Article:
America’s Addiction to Oil

When President George W. Bush proclaimed that “America is addicted to oil” during his 2006 State of the Union address, he prompted a new national discussion of one of the country’s most critical issues. Although Americans represent only 5 percent of the world’s population, they consume 25 per-cent of the worlds oil production, mostly in the form of vehicle fuel. This consumption shows no sign off letting up; each year Americans use even more oil than the year before.

Although Americans are the leaders in global energy use, the rest of the world is showing signs of catching up. Growth in the populations and economies of China and India put them on course to rival the United States’ energy use in the future. The global rate of oil consumption, some 84 million barrels a day and growing-will not be sustainable forever. Although experts debate how much oil remains, all agree that it will eventually run out.

Kicking the Fossil Fuel Habit

As Americans become aware of the need to find alternatives to oil to provide energy for all the activities of daily life, there are fears that this awareness may be too late. Even with a new call to action, many industry experts believe there may not be time to ramp up technology quickly enough to support energy alternatives by the time fossil fuels begin to run dry.

Despite fears that alternatives have been slow to catch on, many new energy technologies are gaining momentum, slowly eating away at fossil fuels’ energy dominance. These renewable energy sources, such as wind, solar, and geothermal power, are growing at rates of from 20 to 60 percent each year. If this growth continues, optimistic estimates show that it may be possible for renewable energy to account for half of the world’s energy use by 2040.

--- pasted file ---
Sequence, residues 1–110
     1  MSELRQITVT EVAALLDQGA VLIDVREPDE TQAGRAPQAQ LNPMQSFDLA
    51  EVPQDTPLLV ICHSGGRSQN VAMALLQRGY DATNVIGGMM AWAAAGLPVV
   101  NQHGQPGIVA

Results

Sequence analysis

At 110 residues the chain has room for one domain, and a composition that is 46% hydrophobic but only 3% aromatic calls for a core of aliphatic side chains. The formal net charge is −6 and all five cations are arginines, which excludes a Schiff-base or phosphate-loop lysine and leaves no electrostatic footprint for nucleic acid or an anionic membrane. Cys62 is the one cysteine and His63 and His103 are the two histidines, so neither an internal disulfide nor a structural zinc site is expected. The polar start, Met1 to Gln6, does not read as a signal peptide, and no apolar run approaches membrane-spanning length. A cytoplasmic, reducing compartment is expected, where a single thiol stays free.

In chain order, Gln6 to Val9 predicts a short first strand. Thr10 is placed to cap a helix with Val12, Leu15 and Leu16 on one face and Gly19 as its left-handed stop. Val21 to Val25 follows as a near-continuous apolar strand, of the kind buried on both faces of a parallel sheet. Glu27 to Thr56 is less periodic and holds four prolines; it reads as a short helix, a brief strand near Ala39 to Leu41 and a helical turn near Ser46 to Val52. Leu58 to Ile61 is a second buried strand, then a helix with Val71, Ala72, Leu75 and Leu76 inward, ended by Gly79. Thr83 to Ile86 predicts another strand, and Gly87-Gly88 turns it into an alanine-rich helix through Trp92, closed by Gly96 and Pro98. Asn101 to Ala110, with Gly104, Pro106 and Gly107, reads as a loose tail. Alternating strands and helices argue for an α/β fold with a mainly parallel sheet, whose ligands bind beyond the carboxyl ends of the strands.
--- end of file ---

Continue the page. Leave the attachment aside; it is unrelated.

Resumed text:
Expanding the use of renewable energy is also considered critical for the long-term health of the plant. Fossil fuels have been responsible for a host of environmental ills from acid rain to global warming. Many environmentalists believe that kicking the fossil fuel habit before damage to the planet is irreversible should be a global priority.

The quest to develop affordable, effective alternatives to fossil fuels may be one of the most challenging technological tasks in human history. Fortunately, scientists all over the world are up to the challenge, working to uncover the next alternative energy breakthroughs. Supporting their efforts are individuals everywhere who do their part to conserve energy and limit their own use of nonrenewable fossil fuels.



Source by Robert James Duvall